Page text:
According to an embodiment the core is made from glass ceramic. Thus, for example, glass ceramic with a thermal expansion coefficient of 9.3×10−6 1/K is available. Particularly advantageous is the combination of electrodes made from platinum with a core made from glass ceramic, as it connects the inert material to the electrodes with a complete matching of the thermal expansion coefficient. With this combination of materials it is achieved that the electrodes substantially retain their position relative to the core in the entire temperature range from ambient temperature to temperatures during autoclaving and/or sterilising. Platinum and glass ceramic can moreover be sterilised by radiation.
According to an embodiment the core is machined from machinable glass ceramic or injection moulded from glass ceramic. A suitable machinable material is proposed with the product name MACOR® from Corning. During the ceramic injection moulding process, ceramic in the powder state is mixed with polymer matrix and processed to granules. An injection moulding machine is loaded with this which discharges a green compact. This is sintered in order to expel substantially the organic phase and to densify the ceramic article.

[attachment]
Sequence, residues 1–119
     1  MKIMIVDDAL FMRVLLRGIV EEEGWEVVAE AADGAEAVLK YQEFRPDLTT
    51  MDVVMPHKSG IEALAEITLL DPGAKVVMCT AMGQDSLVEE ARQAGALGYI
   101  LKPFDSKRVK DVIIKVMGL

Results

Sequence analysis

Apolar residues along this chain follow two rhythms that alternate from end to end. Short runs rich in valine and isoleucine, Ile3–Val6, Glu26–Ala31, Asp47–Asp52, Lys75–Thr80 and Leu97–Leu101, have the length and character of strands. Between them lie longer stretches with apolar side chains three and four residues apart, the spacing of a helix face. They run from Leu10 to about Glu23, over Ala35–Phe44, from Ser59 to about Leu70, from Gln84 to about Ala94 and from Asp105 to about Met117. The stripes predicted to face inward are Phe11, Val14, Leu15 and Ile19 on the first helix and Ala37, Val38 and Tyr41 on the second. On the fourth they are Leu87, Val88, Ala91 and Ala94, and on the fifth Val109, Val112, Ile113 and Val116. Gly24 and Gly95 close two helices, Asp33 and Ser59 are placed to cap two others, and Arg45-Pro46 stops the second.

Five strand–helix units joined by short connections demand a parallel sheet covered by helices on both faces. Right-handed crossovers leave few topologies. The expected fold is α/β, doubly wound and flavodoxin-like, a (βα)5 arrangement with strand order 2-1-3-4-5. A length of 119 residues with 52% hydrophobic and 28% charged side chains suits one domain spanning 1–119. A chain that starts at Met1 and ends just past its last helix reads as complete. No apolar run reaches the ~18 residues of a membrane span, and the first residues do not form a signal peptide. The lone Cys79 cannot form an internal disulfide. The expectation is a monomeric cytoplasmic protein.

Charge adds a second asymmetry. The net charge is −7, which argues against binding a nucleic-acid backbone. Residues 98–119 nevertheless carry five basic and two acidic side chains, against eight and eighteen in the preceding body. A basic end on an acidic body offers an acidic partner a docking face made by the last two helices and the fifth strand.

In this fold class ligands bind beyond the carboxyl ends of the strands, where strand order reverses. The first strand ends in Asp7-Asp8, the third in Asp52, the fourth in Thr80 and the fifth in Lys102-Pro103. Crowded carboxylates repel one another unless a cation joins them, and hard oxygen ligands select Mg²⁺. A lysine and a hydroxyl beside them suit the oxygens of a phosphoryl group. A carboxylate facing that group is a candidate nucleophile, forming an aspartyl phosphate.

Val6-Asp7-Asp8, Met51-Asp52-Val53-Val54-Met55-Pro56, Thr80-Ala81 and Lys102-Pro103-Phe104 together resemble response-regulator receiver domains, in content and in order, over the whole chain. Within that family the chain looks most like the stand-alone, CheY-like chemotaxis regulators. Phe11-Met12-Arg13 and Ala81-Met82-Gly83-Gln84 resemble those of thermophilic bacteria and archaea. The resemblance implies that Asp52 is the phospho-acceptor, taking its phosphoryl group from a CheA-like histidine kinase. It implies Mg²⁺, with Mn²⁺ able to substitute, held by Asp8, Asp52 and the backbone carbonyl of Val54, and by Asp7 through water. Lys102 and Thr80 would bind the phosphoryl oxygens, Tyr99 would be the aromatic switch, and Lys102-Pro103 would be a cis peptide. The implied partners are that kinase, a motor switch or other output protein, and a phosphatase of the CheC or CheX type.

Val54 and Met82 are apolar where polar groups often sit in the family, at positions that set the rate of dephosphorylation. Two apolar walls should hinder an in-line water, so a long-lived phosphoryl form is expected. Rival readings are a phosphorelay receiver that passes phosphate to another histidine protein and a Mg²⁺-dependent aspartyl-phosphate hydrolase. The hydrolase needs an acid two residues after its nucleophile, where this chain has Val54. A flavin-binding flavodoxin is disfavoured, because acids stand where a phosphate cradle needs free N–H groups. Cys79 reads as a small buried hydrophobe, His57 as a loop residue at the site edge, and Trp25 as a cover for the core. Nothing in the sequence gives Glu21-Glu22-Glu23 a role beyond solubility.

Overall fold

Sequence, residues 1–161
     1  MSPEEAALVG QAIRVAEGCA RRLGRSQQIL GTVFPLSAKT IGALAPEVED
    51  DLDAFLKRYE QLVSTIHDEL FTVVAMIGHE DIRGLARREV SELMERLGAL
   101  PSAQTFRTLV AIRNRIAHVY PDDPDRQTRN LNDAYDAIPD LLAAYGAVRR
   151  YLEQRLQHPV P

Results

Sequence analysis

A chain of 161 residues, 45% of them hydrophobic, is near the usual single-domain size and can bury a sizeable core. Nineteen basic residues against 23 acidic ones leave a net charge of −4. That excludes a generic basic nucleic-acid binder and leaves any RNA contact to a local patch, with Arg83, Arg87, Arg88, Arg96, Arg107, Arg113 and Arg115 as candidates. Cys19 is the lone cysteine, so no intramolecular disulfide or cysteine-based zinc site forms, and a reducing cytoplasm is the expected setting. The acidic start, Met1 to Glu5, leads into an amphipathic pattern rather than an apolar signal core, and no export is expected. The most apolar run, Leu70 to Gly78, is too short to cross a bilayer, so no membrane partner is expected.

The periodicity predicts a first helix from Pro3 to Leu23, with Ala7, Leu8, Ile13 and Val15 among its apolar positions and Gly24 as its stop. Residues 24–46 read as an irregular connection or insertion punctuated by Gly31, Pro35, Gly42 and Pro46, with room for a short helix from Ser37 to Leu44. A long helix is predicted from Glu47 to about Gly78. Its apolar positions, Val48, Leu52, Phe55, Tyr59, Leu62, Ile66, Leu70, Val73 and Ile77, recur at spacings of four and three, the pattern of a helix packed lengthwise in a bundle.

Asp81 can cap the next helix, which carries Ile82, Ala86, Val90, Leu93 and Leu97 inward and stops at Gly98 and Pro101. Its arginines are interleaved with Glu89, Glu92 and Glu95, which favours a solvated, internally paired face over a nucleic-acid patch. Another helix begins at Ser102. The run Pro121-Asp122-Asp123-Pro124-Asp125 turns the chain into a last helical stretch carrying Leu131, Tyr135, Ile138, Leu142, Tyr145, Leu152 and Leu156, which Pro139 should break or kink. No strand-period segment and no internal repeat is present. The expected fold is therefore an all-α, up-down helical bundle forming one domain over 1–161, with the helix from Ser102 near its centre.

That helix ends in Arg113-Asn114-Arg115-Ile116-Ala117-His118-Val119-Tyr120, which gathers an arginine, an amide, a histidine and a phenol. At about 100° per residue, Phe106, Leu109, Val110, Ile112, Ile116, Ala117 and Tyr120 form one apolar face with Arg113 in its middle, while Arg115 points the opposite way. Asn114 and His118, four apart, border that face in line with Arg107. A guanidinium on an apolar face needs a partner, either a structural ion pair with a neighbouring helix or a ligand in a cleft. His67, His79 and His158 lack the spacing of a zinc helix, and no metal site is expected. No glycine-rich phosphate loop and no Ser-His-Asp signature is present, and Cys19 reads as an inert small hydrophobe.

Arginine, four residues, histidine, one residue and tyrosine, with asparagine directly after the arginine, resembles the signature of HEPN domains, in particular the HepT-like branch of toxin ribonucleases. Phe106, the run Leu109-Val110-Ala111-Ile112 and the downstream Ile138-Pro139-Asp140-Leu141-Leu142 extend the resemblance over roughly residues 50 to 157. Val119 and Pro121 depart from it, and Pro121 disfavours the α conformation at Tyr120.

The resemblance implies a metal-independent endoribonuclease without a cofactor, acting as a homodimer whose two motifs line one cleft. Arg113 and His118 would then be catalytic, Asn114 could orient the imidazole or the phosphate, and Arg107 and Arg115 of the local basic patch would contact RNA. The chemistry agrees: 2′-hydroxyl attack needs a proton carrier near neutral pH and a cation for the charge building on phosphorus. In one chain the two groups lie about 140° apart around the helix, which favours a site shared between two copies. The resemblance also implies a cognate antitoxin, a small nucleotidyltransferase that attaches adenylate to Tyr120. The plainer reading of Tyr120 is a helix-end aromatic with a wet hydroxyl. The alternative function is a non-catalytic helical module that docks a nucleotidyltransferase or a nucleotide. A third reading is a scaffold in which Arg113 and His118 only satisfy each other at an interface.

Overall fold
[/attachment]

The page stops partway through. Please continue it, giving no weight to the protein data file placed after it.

In the known chambers the core and beaker consist of PMMA and the plug of PTFE. These materials have the additional disadvantage of not being sterilisable by radiation. According to an embodiment the beaker consists of PC and/or the plug of PEEK. These materials can be sterilised by radiation.
The invention will be described in more detail hereinafter with reference to the accompanying drawings of embodiments, in which:
While this invention may be embodied in many different forms, there are described in detail herein a specific preferred embodiment of the invention. This description is an exemplification of the principles of the invention and is not intended to limit the invention to the particular embodiment illustrated